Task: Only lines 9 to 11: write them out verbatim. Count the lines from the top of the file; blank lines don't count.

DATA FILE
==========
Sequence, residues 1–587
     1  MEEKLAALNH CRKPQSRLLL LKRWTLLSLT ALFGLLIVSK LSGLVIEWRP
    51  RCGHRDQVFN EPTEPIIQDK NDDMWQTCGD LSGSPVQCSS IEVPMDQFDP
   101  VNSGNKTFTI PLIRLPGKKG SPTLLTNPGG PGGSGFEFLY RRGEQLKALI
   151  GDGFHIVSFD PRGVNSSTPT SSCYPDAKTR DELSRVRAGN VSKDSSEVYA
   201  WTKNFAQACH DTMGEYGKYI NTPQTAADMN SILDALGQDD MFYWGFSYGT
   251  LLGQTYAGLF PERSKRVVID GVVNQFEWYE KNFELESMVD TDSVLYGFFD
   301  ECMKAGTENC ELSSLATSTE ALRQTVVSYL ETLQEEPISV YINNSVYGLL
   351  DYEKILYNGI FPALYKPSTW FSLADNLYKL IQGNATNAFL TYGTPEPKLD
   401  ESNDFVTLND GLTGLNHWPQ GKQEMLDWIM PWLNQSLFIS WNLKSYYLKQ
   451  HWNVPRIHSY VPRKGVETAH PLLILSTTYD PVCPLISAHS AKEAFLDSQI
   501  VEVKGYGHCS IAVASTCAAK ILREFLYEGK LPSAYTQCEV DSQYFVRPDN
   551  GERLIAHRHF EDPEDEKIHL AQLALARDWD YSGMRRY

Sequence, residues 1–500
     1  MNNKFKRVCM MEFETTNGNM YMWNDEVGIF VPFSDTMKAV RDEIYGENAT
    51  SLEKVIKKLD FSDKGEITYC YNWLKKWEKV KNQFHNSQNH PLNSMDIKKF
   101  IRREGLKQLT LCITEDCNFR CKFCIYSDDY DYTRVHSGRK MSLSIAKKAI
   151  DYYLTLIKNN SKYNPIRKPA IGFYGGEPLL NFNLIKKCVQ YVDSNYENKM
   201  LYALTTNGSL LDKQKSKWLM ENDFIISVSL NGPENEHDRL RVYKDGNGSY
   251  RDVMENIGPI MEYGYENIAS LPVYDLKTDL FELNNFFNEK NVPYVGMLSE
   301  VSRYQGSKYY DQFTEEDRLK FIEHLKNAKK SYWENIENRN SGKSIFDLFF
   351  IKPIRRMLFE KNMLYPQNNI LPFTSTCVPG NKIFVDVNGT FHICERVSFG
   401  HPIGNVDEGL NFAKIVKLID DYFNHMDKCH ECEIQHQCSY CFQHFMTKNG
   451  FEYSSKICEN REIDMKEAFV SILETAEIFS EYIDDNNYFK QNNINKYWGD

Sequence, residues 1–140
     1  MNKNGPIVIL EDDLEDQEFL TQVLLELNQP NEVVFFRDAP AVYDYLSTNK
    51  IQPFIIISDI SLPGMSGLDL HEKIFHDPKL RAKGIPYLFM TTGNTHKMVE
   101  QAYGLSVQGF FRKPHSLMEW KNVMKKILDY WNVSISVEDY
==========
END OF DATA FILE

   351  DYEKILYNGI FPALYKPSTW FSLADNLYKL IQGNATNAFL TYGTPEPKLD
   401  ESNDFVTLND GLTGLNHWPQ GKQEMLDWIM PWLNQSLFIS WNLKSYYLKQ
   451  HWNVPRIHSY VPRKGVETAH PLLILSTTYD PVCPLISAHS AKEAFLDSQI